at her, I was now sure she could. ‘They’ve gone?’ ‘Yes. You’re a millionairess now, Beth. The Sheriff didn’t want to disturb you. He was scared stupid you might resent being disturbed and you wouldn’t then finance their amusement park. We’re nearly home. Everything now depends on Bernstein.’ She stared thoughtfully at me. Again the remote look came into her eyes. ‘No, it doesn’t. Everything now depends on me.’ The sound of a car pulling up made us stiffen. ‘Here he is,’ I said. She braced herself. The sad, lost look

came into her eyes. ‘Keep out of this,’ she said, and as the front door bell rang, she went down the stairs, crossed the hall and opened the front door. Beth and Bernstein were still shut up together in the living room when the ambulance arrived. I went down and showed the two Interns where to find Marshall. They carried a stretcher into the garage and I took a walk around the garden. I was now almost certain that both of us were going to get away with murder. A lot still depended on how the coroner reacted, but I had an idea that Olson, Pinner and McQueen would cue him in. Beth was

now important people to them. But what really fazed me was the way Ross had acted. Maybe Pinner had got at him. There must be some good reason for him to have alerted McQueen to lay off, although, of course, the set-up, as Ross had said, was clear enough and the facts added up, but all the same his unexpected attitude when I was prepared for him to make trouble, baffled me. I sat on the grass with my back to the house and thought again about Beth. I was more than uneasy about her, but, I kept telling myself, we were both in this together. Maybe, I thought, we could do a deal without me having to marry her, but I would have to handle this with kid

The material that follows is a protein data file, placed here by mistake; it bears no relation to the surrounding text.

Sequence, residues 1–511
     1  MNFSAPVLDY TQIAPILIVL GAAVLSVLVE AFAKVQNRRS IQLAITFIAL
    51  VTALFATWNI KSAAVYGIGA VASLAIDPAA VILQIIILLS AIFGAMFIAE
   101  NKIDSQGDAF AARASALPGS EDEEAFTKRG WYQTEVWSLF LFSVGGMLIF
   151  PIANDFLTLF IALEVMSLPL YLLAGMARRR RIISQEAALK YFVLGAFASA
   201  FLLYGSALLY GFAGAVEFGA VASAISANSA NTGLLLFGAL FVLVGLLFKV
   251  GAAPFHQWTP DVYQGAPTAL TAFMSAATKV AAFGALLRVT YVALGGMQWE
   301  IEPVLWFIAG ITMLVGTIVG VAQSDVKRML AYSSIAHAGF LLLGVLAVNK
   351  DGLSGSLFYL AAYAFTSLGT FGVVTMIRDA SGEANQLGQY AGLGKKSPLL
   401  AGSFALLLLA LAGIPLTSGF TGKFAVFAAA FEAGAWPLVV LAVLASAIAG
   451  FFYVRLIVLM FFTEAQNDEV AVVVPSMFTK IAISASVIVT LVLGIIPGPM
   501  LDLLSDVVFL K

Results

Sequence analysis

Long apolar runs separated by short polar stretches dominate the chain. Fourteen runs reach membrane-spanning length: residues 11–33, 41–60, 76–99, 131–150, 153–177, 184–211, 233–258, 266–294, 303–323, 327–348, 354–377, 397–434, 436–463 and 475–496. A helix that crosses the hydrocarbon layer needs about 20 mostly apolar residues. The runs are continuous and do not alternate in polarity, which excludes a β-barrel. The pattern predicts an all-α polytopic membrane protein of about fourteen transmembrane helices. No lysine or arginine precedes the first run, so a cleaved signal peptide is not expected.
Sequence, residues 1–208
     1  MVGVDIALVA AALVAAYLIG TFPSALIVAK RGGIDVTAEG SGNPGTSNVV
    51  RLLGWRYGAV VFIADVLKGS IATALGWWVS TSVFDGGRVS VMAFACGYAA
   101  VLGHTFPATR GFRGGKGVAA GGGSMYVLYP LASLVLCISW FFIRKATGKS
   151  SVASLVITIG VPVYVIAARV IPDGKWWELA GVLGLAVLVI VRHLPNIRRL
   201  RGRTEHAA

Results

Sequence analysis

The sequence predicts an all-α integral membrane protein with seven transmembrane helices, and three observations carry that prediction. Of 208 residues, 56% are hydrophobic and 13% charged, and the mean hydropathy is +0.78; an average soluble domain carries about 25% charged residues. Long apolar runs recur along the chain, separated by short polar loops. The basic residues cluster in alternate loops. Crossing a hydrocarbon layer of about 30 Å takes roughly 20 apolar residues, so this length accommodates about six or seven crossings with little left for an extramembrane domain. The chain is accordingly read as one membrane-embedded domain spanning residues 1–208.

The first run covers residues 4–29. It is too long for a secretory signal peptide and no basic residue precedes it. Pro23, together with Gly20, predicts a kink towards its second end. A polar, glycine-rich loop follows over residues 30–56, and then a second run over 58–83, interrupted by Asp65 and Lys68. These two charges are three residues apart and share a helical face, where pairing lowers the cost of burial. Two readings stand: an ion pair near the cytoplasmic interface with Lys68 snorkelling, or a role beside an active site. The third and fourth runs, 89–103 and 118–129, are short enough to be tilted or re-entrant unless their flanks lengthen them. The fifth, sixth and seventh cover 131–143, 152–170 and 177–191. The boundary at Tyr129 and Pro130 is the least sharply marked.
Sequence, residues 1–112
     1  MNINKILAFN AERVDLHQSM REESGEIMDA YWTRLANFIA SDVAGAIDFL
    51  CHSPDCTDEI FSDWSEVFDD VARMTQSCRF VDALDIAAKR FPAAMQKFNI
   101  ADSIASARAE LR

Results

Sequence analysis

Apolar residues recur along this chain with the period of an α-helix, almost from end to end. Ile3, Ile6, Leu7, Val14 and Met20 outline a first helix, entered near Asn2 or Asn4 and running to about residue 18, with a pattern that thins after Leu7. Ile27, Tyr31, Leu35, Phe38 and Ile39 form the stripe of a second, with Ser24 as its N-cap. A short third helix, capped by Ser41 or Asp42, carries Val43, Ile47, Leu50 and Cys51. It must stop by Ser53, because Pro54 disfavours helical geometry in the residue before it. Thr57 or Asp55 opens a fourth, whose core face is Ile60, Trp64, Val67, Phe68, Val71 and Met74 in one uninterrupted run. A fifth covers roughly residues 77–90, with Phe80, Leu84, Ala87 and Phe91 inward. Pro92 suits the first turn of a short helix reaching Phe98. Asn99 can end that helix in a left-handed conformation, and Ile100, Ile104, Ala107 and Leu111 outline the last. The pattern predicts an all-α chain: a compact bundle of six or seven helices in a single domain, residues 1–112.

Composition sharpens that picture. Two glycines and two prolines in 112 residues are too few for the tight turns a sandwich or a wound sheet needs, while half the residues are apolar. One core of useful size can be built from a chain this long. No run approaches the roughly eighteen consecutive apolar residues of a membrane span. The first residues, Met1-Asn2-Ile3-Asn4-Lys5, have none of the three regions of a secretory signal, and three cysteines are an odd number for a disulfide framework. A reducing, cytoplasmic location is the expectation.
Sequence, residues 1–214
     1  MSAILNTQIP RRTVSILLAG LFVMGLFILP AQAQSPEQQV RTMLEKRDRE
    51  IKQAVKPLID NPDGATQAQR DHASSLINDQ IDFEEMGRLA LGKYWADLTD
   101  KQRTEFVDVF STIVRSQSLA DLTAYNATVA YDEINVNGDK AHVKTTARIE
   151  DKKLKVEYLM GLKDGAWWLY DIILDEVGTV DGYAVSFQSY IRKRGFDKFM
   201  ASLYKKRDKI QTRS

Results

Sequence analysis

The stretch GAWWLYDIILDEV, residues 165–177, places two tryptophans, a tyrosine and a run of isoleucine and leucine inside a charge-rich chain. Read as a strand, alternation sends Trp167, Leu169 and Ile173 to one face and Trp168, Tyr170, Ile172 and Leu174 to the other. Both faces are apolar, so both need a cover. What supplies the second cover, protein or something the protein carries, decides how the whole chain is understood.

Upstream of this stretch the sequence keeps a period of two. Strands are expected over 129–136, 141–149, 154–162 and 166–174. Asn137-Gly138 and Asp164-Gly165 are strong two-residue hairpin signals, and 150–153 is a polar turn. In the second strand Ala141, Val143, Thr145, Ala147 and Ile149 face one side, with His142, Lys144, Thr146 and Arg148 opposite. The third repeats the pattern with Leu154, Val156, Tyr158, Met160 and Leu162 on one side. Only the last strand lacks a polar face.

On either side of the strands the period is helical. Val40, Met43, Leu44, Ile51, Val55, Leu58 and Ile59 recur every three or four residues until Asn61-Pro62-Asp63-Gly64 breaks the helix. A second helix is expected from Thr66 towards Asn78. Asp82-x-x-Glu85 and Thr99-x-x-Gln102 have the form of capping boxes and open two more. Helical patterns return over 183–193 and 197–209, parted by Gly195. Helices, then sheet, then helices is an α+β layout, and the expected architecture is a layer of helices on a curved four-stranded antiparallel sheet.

gloves. I heard the ambulance drive away, so I got to my feet and wandered back to the house. As I entered, I saw the living room door was open and I could see Bernstein sitting alone, smoking a cigar. When he saw me, he beckoned. I went in. ‘Sit down.’ His face was stony. ‘You didn’t do so well, did you?’ I sat down and looked directly at him. ‘What was that again?’ ‘If you hadn’t forgotten that whisky in the car, Frank would now be alive.’ ‘You think so? I’ll tell you something, Mr. Bernstein, you can’t keep drink from a drunk. If not now, it would have been

later.’ He stared at me for a long moment, then shrugged. ‘I’m taking care of Mrs. Marshall’s affairs,’ he said. ‘What did Frank pay you?’ ‘Seven hundred.’ He took out his wallet and thumbed out seven one hundred dollar bills which he put on the table. ‘I want you to stick around here, Devery. I want you to look after the place, keep the garden right and take care of the sightseers. There are bound to be ghouls who will come out here looking for souvenirs. Keep them out. I’m taking Mrs. Marshall to Frisco. My

wife will take care of her until I can fix her affairs. You stick around until the house is sold. Is that okay?’ ‘Is she selling the house?’ I asked staring at him. ‘Yeah. She doesn’t want to live here anymore and that’s understandable. Yeah, she is selling the house.’ ‘Well, okay, Mr. Bernstein. I’ll take care of it.’ He nodded. ‘Right.’ Beth appeared in the doorway. She was carrying a holdall. Bernstein shot out of his chair and took the holdall from her. ‘Devery has agreed to stay on, Mrs.